Johnson and Huffman receive first annual Neil L. Spector Art of Medicine Awards

Tuesday, May 11, 2021

The Department of Medicine is pleased to announce the recipients of the first annual Neil L. Spector Art of Medicine Award, which recognizes exemplary mentorship practices in clinical and translational research.

This award is presented annually to a faculty member in the Department of Medicine who demonstrates respect for trainees and junior faculty members and who holistically approaches mentorship to guide trainees to attain their diverse research goals. 

2021 Neil L. Spector Art of Medicine Award Recipients:

Senior Mentor Award Recipient

Kimberly Johnson, MD, MHS, professor of medicine (Geriatrics)

“Dr. Johnson’s unique ability to see all levels of influence and all angles of the research dilemma make her the type of mentor you want to be around all the time, absorbing wisdom and trying, however impossible, to emulate her ability to orchestrate, interpret, and lead. These unique skills make her a truly miraculous mentor The downstream effect of her mentorship will be felt for generations of researchers to come through Duke and beyond.”

Junior Mentor Award Recipient

Kim Huffman, MD, PhD, associate professor of medicine (Rheumatology and Immunology)

“Kim embodies all of the characteristics of an exceptional mentor. She is singularly focused on helping her mentees identify their research passion and connecting them with the collaborators and resources they need to achieve success. She has an astute scientific mind and through her mentorship is able to develop that skill in her mentees. And on top of that, she is a wonderful person who genuinely cares about her mentees and other team members.”

The award was established after the passing of Dr. Neil Spector in 2020 to recognize exemplary mentorship practices in clinical and translational research. Recipients of the award demonstrate qualities well represented by Dr. Spector in his interactions with his patients, colleagues, and trainees:  integrity, compassion, altruism, respect, and empathy.

Join us for a special Medicine Grand Rounds on Fri., May 28 at 12 p.m. where the recipients will highlight their mentorship best practices and attendees will hear from their respective mentees.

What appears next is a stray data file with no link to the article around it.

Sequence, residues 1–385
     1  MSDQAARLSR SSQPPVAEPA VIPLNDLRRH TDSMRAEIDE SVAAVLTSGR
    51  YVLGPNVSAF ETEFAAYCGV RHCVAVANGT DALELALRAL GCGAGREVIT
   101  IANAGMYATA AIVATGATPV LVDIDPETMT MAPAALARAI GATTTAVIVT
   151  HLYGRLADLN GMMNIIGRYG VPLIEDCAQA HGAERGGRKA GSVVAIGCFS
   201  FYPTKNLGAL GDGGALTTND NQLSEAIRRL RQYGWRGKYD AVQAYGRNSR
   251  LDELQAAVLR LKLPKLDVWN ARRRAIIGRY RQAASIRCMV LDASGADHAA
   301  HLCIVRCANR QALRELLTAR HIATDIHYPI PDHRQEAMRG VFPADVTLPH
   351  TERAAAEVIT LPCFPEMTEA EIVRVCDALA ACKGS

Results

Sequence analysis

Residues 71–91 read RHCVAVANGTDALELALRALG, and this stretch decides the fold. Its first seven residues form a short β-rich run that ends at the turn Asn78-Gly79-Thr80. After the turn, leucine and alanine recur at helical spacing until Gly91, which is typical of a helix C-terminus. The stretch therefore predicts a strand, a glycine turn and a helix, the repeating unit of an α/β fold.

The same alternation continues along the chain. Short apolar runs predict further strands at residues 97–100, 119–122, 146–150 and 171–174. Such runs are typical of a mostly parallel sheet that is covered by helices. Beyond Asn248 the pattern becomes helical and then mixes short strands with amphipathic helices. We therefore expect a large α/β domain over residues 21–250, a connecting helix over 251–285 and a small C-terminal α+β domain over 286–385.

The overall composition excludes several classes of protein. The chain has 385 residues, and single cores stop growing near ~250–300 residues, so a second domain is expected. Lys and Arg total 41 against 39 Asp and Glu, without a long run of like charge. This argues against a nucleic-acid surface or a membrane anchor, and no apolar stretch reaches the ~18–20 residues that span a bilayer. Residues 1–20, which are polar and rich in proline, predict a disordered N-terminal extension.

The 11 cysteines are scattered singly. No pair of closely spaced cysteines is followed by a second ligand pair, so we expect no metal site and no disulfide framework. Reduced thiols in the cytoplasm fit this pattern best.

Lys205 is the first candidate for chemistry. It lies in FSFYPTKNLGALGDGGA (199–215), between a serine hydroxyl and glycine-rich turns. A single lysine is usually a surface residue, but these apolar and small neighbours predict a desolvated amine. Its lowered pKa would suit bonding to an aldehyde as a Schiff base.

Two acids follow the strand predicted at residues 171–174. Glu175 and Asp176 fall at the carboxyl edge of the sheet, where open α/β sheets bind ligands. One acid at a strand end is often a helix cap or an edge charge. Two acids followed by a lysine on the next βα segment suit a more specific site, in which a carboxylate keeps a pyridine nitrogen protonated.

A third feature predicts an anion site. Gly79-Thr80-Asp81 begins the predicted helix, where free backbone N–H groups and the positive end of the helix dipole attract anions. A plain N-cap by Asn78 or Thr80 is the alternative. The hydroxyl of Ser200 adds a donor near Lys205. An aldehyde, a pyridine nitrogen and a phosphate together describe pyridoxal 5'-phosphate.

About Dr. Spector

Neil L. Spector, MD, was a nationally recognized physician-scientist, translational research leader, and oncology mentor. He was the Sandra Coates Associate Professor in the Department of Medicine, an associate professor of pharmacology and cancer biology, and at Duke Cancer Institute, associate director for translational research, director of the Developmental Therapeutics Program, and associate codirector of clinical research with the breast cancer disease group. He led two molecularly targeted therapies to FDA approval, one for the treatment of pediatric T-cell acute lymphoblastic leukemia and another for the treatment of HER2 overexpressing breast cancers.

Spector served as an attending physician and supervised medical oncology fellows at the Durham Veteran Affairs Healthcare System. In 2016, he was appointed as the inaugural director of the National Precision Oncology Program at the Veterans Health Administration in the U.S. Department of Veterans Affairs, as part of the Cancer Moonshot initiative that launched that year.

In 2015, Spector published Gone in a Heartbeat: A Physician's Search for True Healing, which chronicles his courageous battle with Lyme disease. He was undiagnosed and untreated for years, and ultimately the disease damaged his heart. In 2009, he received a heart transplant at Duke. He became a tireless advocate for Lyme disease research and awareness. His research on the tick-borne parasite Borrelia burgdorferi and the bacteria Bartonella, which have been linked to Lyme disease in humans, had recently expanded into investigating a possible overlap between these pathogens and cancer.

Neil Spector passed away in 2020, due to a clinically aggressive post-transplant lymphoproliferative disorder.